While the Greco-Roman world strove to enrich the few objects at its disposal with meaning, the modern industrial type of society strives to improve technology to construct more and more objects. Thus there was a waning in the terrain of meanings.

Medieval cathedrals, on the contrary, were true masterpieces of symbolism: Everything in them has symbolic meaning. As historian Émile Mâle notes in his work The Gothic Image: "Everything in this [medieval] art speaks through symbols. It shows us one thing and invites us to see something else there." (1)

Étienne Gilson goes so far as to say: “For a thinker of the time, to know or to explain something always consisted in showing that it is not what it seems to be, that it is a symbol and sign of a deeper reality, that it announces or signifies something else." (2)

It was once aptly said of Winston Churchill that his universe is made up of simple units that are larger than life. His themes are repetitive like those of an epic poet or, at times, like those of a thaumaturge who sees in beings and situations symbols outside of time and incarnations of eternal and brilliant principles.

This observation is very deep. It is, indeed, wonderful to see "in beings and situations" symbols of "eternal and brilliant principles!" Today's society tends to imply that such persons are dreamers, useless men, outside of reality. On the contrary, Churchill was a man who had great vision, he was an operative man in the highest degree.

At depth, as a personality it was he who won World War II. A completely practical man, a doer, a fighter, a man of action, but also one who led his whole life having before him, as an ideal, "symbols outside of time."

The true work of art refers to God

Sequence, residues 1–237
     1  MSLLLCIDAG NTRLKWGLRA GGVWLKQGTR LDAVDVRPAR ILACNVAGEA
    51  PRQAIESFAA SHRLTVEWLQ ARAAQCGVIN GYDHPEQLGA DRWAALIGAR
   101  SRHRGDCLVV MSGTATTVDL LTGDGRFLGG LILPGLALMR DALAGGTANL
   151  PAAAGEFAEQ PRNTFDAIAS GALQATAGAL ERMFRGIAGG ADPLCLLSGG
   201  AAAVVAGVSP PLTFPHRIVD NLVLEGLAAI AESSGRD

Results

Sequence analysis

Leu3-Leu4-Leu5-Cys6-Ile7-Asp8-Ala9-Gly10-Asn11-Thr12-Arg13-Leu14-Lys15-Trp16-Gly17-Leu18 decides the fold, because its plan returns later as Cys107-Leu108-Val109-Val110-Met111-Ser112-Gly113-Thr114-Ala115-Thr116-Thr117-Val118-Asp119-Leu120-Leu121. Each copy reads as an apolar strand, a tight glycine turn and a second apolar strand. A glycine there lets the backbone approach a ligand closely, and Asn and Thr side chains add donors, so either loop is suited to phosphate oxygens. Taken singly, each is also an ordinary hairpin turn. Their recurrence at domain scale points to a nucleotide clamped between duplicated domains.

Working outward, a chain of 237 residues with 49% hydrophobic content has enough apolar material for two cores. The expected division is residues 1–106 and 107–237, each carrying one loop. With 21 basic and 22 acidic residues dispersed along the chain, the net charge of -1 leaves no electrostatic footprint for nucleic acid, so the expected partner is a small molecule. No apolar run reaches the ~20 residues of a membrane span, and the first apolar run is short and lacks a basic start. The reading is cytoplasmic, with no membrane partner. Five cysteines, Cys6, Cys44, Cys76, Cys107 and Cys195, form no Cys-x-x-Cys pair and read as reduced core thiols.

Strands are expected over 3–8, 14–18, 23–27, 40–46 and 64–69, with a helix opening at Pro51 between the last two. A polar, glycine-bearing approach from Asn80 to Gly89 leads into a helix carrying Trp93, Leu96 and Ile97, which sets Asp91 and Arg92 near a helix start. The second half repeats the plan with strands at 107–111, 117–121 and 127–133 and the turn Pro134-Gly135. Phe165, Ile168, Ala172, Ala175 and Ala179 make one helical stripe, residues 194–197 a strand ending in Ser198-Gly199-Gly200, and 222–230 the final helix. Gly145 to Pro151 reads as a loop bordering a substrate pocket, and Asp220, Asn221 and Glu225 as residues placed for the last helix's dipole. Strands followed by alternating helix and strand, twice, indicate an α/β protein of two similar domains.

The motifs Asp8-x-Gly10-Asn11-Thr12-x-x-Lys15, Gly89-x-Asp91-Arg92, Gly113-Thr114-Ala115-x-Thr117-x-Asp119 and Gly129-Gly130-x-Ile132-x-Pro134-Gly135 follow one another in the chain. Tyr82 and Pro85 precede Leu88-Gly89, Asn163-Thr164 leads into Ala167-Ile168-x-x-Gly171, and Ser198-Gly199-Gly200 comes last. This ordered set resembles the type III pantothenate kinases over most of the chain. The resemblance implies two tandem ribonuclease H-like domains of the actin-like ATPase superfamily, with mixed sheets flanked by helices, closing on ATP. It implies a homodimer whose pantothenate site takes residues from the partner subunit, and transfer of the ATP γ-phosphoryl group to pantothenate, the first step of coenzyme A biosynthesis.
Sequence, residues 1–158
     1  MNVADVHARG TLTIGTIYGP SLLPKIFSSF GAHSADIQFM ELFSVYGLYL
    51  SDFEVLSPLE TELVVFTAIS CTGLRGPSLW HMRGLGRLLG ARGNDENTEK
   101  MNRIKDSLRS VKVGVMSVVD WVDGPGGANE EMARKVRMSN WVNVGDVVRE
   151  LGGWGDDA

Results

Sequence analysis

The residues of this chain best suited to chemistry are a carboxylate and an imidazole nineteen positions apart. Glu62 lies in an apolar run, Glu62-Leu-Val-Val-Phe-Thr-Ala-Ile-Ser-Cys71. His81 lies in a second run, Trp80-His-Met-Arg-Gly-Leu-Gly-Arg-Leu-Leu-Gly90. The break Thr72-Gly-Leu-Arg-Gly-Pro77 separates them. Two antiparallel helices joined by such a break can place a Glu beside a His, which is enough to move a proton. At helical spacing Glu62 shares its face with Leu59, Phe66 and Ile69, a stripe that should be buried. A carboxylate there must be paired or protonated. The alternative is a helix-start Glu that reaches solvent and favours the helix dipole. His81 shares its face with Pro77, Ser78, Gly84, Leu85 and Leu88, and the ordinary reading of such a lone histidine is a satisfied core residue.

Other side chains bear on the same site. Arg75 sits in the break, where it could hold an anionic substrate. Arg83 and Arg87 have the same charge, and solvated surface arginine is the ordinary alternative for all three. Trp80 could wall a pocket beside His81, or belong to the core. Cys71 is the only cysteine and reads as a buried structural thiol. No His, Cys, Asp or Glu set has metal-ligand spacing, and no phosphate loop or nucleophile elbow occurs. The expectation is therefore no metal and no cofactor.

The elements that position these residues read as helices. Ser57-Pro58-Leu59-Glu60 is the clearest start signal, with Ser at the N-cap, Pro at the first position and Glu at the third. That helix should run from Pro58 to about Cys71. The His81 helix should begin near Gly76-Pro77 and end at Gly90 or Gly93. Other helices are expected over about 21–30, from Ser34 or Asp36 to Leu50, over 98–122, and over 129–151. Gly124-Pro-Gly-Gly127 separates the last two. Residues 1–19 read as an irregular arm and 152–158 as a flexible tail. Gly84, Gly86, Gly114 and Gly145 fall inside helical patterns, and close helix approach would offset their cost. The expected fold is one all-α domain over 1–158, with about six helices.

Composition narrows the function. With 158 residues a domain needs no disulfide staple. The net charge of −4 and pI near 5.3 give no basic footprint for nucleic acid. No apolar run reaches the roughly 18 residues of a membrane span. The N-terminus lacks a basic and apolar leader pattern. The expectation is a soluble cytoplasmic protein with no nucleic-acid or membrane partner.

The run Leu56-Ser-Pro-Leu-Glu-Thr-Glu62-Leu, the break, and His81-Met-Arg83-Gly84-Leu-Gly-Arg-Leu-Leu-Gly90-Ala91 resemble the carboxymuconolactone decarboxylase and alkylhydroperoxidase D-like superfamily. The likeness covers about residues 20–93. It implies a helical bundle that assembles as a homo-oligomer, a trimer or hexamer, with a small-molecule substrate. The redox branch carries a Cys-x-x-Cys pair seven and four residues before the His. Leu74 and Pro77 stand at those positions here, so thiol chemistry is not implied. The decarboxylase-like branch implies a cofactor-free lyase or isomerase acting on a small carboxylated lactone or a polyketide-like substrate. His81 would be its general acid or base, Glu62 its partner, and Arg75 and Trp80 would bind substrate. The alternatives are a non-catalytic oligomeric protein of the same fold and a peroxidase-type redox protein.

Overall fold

Dante says that works of art are "granddaughters" of God. For, since the human soul is the daughter of God, what the human spirit engenders is the "grandchild" of God.

tournai rose window

The rose window in the Cathedral
of Our Lady in Tournai

Man, creating "grandchildren" of God – which is what true works of art are – is preparing for the moment when he will appear before the eternal Judge, the eternal Truth and the eternal Beauty. Then he will soar with enthusiasm towards God.

Edgar de Bruyne rightly notes: "In the aesthetics of Hugh de Saint Victor, the symbolic beauty is the fundamental beauty. Every form has an aesthetic value insofar as, directly or indirectly, it brings to mind the Infinite, the Perfect, the Ideal." (3)

Therefore, something is beautiful not so much because it is pleasing, but above all because it refers to God.

The beautiful is a symbol of good; true beauty symbolizes good; consequently, true art symbolizes morality, which is the conformity of human actions with the order established by God.


An ambience should invite us to find
its symbolic content



Blason de Charlemagne
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  1. Apud Painton Cowen, Roses Medievales, Paris: Seuil, 1979, p. 81.
  2. Ibid.
  3. Apud Marcel Aubert, Le Gothique à son Apogée, Paris: Ed. Albin Michel,1969, pp. 11-12.
  4. Études d’Esthétique Mediévale, Brugges (Belgium), De Tempel, 1946, vol. 2, p. 216.
Posted October 7, 2020